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Bosque (Valdivia)

versión On-line ISSN 0717-9200

Resumen

FERNANDEZ, María Victoria; BARROETAVENA, Carolina; BASSANI, Vilma  y  RIOS, Fernanda. Proftability of the edible mushroom Suillus luteus exploitation for timber producers and for rural families in the Andean region of Chubut province, Argentina. Bosque (Valdivia) [online]. 2012, vol.33, n.1, pp. 43-52. ISSN 0717-9200.  http://dx.doi.org/10.4067/S0717-92002012000100005.

Since mid last century, approximately 22,700 ha of Pinus spp. have been planted in the Andean region of Chubut, Argentina. Along with these tree species, the edible mushroom Suillus luteus (slippery jack) also proliferates, with a mean dry productivity of 35 kg ha-1 year-1 for this region. The economic exploitation of this product is currently carried out informally, becoming this non-wood forest product a source of additional revenues for low-income families, but it is unknown so far the returns that its exploitation can bring to forest producers, in addition to timber production. Therefore, two objectives were set for this study: to assess the potential of the edible mushrooms S. luteus to improve the profitability of forest producers, and to evaluate the contribution that the collection and sale of this product may represent to the income of rural households. To do this, the revenues and costs associated with tree harvesting and mushrooms drying were incorporated in the cash flow of forest management, estimating the corresponding performance indicators. On the other hand, socio-economic indicators of contributions to family incomes that the informal exploitation of this resource could provide were calculated. Results indicate that it is possible to improve forest producer profitability by selling dry S. luteus only in those plantations with high productivity, as the internal rate of return increases between 5 to 8 %. Rural families would receive more pay per hour worked selling fresh mushrooms, but the total income would be higher selling it dry.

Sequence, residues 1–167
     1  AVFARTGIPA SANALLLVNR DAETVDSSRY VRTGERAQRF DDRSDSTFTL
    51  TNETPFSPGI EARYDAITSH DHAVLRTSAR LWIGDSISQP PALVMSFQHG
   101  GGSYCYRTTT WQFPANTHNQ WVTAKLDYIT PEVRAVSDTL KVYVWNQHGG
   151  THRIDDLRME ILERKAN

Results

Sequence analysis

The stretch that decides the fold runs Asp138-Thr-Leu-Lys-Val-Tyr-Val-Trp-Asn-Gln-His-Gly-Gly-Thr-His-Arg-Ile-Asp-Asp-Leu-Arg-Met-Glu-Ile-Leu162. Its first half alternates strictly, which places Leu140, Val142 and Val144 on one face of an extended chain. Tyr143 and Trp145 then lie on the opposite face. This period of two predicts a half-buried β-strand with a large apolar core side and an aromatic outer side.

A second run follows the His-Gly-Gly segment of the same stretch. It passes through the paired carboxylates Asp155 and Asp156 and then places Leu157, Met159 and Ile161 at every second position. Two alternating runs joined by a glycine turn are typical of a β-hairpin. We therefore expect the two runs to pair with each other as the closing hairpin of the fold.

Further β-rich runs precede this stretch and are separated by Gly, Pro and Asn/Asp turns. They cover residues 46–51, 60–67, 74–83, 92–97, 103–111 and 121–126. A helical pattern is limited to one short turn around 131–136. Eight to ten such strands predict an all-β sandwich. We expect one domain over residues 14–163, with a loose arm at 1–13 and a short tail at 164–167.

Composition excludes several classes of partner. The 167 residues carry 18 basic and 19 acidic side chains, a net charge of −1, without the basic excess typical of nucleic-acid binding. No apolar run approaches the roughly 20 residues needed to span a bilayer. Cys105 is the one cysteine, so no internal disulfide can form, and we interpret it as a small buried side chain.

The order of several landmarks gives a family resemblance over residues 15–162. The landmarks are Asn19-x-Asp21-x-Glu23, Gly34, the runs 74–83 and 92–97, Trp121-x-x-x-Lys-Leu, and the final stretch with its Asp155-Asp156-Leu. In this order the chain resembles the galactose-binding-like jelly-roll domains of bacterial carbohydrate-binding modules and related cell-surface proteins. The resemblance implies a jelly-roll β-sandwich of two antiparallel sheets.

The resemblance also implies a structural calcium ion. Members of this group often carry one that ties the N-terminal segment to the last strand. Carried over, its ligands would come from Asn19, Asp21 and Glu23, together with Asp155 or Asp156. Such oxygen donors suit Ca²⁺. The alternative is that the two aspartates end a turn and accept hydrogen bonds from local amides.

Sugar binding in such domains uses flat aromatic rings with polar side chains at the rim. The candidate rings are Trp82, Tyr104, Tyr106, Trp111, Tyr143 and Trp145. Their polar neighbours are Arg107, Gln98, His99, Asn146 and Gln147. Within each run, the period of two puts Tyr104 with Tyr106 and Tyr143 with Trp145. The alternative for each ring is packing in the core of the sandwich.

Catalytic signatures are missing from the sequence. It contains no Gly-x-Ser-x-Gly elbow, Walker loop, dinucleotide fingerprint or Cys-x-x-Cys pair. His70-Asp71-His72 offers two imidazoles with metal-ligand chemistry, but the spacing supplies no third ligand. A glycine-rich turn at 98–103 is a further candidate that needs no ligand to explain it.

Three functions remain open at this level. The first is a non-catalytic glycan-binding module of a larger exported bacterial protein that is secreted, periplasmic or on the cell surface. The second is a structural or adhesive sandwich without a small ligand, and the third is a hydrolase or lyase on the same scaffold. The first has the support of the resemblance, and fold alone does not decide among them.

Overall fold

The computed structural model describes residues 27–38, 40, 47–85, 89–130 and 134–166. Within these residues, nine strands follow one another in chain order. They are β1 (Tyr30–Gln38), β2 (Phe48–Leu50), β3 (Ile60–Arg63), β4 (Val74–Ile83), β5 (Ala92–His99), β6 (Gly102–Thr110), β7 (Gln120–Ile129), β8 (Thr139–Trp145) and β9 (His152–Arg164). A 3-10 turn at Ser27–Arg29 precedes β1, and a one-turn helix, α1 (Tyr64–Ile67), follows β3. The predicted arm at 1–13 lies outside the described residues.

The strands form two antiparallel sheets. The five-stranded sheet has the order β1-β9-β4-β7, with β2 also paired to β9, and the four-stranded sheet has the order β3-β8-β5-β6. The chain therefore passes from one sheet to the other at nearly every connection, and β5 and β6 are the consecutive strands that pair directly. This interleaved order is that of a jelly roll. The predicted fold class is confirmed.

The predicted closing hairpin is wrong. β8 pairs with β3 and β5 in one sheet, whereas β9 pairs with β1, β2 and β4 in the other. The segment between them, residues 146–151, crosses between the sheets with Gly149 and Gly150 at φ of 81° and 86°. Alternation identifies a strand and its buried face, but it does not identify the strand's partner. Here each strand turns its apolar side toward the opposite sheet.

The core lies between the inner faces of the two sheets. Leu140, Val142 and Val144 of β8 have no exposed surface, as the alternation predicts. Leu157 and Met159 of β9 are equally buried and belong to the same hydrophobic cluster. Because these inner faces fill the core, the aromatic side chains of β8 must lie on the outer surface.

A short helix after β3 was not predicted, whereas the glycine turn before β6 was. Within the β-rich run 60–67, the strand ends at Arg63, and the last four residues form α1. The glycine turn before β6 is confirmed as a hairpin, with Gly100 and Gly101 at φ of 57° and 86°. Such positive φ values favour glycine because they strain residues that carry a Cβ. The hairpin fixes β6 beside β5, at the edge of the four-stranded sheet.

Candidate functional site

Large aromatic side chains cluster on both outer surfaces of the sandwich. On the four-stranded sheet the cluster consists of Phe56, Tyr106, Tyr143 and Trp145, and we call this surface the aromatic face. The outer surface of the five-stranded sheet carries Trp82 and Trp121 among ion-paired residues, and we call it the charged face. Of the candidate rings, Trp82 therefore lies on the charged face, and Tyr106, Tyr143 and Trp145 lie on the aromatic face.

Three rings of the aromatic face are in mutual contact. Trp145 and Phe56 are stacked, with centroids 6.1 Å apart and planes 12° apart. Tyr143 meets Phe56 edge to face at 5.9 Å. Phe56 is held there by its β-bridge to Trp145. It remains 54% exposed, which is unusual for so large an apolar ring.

Palabras llave : non-wood forest product; wild edible mushrooms; Pinus ponderosa; timber investment returns; afforestation.

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